... the 3-dimensional vorticity vector includes contributions from
three mutually perpendicular surfaces: a horizontal surface (*x , y
*), and two vertical surfaces (*x , z *) and (*y , z *).
The total 3-dimensional vorticity vector is the vector sum of these
three. It also follows the same right-hand rule: if the right-hand's
thumb points in the direction of the vorticity vector, the fingers
curl about that thumb in a way that shows the sense of rotation
produced by that 3-dimensional vorticity.

Consider the following example of the vertical component of
vorticity (*z*), shown in
Fig. 7.

Fig. 7. A horizontal flow field, with the winds indicated by meteorological "wind barbs" instead of vectors. A positive vertical component of vorticity (z) is indicated by the stippling, getting larger as the stippling gets denser; the lines with arrows are subjectively-drawnstreamlines(see discussion below).

Wind barbs are shown instead of wind vectors ... the notation is
conventional. For this system, it can be seen that the peak vorticity
is to the southwest of the center of circulation, where the curvature
is high and the shear contribution to the vorticity is of the same
sign as the curvature. Flow streamlines have been sketched in by hand
... *streamlines are defined to be lines that are everywhere
parallel to the wind*** **(strictly speaking, they are
everywhere *tangential* to the wind flow). Where the streamlines
have high curvature, the vorticity is high owing to the curvature
contribution. For instance, note the zone wrapped around the vortex
where the streamlines make an abrupt turn; this coincides with a long
zone of high vorticity (along a trailing cold front-like structure).
On the other hand, to the northeast of the center of circulation
(near the edge of the figure), there is a region of high vorticity
due to the shear contribution. For these particular data, the shear
term by itself does not create very much high vorticity, unless it
coincides with contributions from the curvature term, whereas there
are several vorticity maxima associated with strong flow curvature.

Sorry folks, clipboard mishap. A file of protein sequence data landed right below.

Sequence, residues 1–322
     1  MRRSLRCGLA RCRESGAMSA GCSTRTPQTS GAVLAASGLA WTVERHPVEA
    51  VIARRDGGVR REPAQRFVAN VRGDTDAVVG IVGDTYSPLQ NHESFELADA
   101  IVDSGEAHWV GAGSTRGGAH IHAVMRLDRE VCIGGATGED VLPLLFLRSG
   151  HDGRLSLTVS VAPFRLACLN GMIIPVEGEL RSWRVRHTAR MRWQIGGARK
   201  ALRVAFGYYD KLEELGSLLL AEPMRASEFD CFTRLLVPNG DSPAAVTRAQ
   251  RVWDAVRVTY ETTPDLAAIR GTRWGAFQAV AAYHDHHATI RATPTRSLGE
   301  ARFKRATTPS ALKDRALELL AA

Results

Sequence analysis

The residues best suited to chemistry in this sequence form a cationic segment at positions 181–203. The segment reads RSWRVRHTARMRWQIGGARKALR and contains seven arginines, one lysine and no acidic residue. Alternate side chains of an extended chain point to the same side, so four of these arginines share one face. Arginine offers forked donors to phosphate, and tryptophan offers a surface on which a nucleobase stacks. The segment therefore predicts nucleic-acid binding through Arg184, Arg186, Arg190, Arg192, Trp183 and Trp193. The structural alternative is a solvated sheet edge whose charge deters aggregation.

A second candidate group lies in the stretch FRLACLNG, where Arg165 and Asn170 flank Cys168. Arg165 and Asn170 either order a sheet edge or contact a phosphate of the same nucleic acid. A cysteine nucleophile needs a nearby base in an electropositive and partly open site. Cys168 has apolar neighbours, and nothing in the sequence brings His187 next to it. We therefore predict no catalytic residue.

This is not always the case, but depends on the flow situation under
consideration.

A common problem in understanding the role of vorticity in flow
curvature is that the vorticity field is what is called a *Galilean
invariant * property of the flow. Simply put, Galilean invariance
means that it you can change to any coordinate system moving with a
constant velocity and it does not change the vorticity. However, the
partitioning of the contributions to vorticity from shear and
curvature is *not* a Galilean invariant property (see Viudez and
Haney 1996). The amount of curvature we see in the flow can depend on
the motion of the coordinate system.

To see this, consider the following simple example. Suppose we have a Rankine Combined Vortex, as shown in Fig. 8.

Fig. 8. Schematic showing the effect of adding increasingly strong constant background flows to a Rankine vortex. The vortex core is shown by the stippling, the blue arrows indicate the vortex flow, the red arrows denote the background flow, the green arrows show the sum of the vortex and the background winds, and the streamlines show the combined flow.

In this vortex, the flow is perfectly symmetric and circular, with
contributions from both shear and curvature. However, in Fig. 8b, a
background flow (that is constant everywhere) is added to the vortex,
with that background flow being pure westerly with a speed equal to
the speed at the radius of maximum winds in the pure vortex flow.
Streamlines have been added to indicate the flow of the sum of these
two. In Fig. 8c, the background westerly flow speed is twice that of
that of the maximum vortex flow, whereas in Fig. 8d, the background
westerly flow is three times that of the maximum vortex flow. If
considered in a coordinate system traveling *with * the
background flow in Figs. 8b-d, all the flows would be identical to
that of Fig. 8a. However, it can be seen that by adding this
background flow, the curvature of the resultant flow in a fixed
coordinate system (i.e., *not * moving with the background flow)
decreases as this background flow increases. In all cases, the
*vorticity * remains the same, because the background flow has
no vorticity!

In situations with mesocyclones as seen on a Doppler
radar,^{[2]} it is
common for the flow in a ground-relative sense to be very asymmetric
(perhaps with stronger inbound flow than outbond flow or vice-versa),
because the vortex is moving. For a moving vortex, the flow on the
side of the vortex that is going in the direction of storm motion,
its ground-relative flow is the sum of the vortex flow and its
motion. On the opposite side of the vortex, the flow is the
difference between the vortex flow and the motion, so it is
relatively slower. In a coordinate system moving *with* the